We find out very little about Emily, but she seems too good to be true. She’s open to anything, friendly and affectionate. In fact, the characters in this book, even the secondary characters, all seem so likable and accommodating; willing to share everything at any time… their time, their feelings, their meals, their beds. I feel as though I shouldn’t like everybody so much. Something about it doesn’t feel real. Yet it does at the same time.
What do you think? Is it possible to be in love with more than one person and make it work? Do you think you should be able to get everything you need from just one person? If you’ve read the book, do you think it feels realistic?
There’s more to this book that I didn’t even touch. Like Kathryn’s friendship with Sharon and Sharon’s reaction to the choices Kathryn makes. This also ties in with another theme of the book – loneliness. In a quote from the author, taken from Casey’s review of this book on her blog Casey the Canadian Lesbrarian, she responds to the question of why she wanted to write about polyamory.
A lot of people ask me why I wanted to write a novel about polyamory. The answer is I didn’t. I wanted to write about loneliness. I wanted to write about the loneliness I saw and felt in even the happiest of couples—couples where you couldn’t imagine a better, more loving, more compatible pairing, and yet there was a shared loneliness. I wanted to write about the loneliness of adulthood, when friends start disappearing into their careers or families. I wanted to write about the loneliness of ending a friendship that has become unhealthy, but then finding yourself bereft and broken in its absence.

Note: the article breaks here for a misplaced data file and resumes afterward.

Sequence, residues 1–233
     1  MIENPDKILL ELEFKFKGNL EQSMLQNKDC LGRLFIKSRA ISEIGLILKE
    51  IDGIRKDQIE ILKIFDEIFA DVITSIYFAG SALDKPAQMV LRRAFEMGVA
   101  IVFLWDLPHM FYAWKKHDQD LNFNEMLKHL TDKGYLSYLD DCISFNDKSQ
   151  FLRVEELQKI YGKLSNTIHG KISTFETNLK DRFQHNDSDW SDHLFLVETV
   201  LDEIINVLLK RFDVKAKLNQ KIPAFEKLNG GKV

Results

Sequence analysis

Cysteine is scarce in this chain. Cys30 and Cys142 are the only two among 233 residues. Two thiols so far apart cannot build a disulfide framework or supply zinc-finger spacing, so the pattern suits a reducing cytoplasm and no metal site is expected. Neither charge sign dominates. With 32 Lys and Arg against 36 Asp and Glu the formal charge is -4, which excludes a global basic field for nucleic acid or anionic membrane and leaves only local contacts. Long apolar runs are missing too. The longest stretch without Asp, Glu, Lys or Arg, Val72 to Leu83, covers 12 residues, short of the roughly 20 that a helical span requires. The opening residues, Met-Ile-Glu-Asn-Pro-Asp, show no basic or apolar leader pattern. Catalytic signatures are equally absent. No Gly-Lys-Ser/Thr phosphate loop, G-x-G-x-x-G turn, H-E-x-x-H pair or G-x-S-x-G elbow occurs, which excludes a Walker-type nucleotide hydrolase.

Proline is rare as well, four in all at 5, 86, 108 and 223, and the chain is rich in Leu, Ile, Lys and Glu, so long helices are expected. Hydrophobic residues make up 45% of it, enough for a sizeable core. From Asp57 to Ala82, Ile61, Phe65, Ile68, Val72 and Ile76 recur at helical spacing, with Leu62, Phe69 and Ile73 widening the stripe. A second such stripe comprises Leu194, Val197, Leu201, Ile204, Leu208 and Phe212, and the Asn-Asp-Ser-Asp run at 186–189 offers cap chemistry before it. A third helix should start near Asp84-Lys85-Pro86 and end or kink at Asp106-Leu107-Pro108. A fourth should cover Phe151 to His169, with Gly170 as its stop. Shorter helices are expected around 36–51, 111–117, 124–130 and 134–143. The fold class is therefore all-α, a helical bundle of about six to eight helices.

Zoey Leigh Peterson writes in a compelling, non-judgmental way. A great book for discussion, and an incredible debut.
Review at Casey the Canadian Lesbrarian (be careful of spoilers at the end of this review): “How can we be happy? How do we find out what makes us happy? How can we build the best relationships with other people? And how do we do all these things in the face of dominant narratives that tell us what we should be doing but don’t offer room for us to figure out what we actually want? Next Year For Sure sure isn’t going to give you answers, but it might help you know yourself better so you can find them on your own.”
Review at Reading Matters: “Needless to say the characterisation is superb: Peterson show us Kathryn and Chris’ flaws but refrains from casting judgement on them. They are messy, vulnerable people caught up in the ebb and flow of an intimate relationship, struggling to come to terms with the stability (and monotony) of a long-term partnership.”
Review at Buried in Print: “I do love the way that Chris decides to buy Kathryn a second-hand copy of one of her favourite books, Vilette, based on the way that it smells… And I love how Kathryn loves that slice of cherry pie. That whole scene actually, but her relationship with the pie is key… That smell… That taste… Those are the kinds of sticky bits which Peterson is tossing at me, while I am distracted by realistic dialogue and savvy observations which float across the whole story… And so many other details attach themselves to those sticky bits, and my heart got more involved than I expected.”
Review at I’ve Read This: “Seriously people, why can’t we all just get along and mind our own business?“